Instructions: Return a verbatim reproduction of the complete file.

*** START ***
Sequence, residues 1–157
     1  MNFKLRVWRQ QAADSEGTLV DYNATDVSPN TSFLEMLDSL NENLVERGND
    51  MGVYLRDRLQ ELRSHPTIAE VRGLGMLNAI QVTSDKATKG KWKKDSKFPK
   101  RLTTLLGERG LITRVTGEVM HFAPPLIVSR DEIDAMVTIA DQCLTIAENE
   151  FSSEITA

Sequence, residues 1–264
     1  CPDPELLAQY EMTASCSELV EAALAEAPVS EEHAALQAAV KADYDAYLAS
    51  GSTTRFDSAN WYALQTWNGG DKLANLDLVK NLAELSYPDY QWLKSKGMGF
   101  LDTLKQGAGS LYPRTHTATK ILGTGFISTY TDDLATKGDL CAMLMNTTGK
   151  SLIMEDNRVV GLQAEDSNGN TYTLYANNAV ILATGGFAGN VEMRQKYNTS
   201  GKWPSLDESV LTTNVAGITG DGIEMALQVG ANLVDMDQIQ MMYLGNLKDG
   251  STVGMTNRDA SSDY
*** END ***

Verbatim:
Sequence, residues 1–157
     1  MNFKLRVWRQ QAADSEGTLV DYNATDVSPN TSFLEMLDSL NENLVERGND
    51  MGVYLRDRLQ ELRSHPTIAE VRGLGMLNAI QVTSDKATKG KWKKDSKFPK
   101  RLTTLLGERG LITRVTGEVM HFAPPLIVSR DEIDAMVTIA DQCLTIAENE
   151  FSSEITA

Sequence, residues 1–264
     1  CPDPELLAQY EMTASCSELV EAALAEAPVS EEHAALQAAV KADYDAYLAS
    51  GSTTRFDSAN WYALQTWNGG DKLANLDLVK NLAELSYPDY QWLKSKGMGF
   101  LDTLKQGAGS LYPRTHTATK ILGTGFISTY TDDLATKGDL CAMLMNTTGK
   151  SLIMEDNRVV GLQAEDSNGN TYTLYANNAV ILATGGFAGN VEMRQKYNTS
   201  GKWPSLDESV LTTNVAGITG DGIEMALQVG ANLVDMDQIQ MMYLGNLKDG
   251  STVGMTNRDA SSDY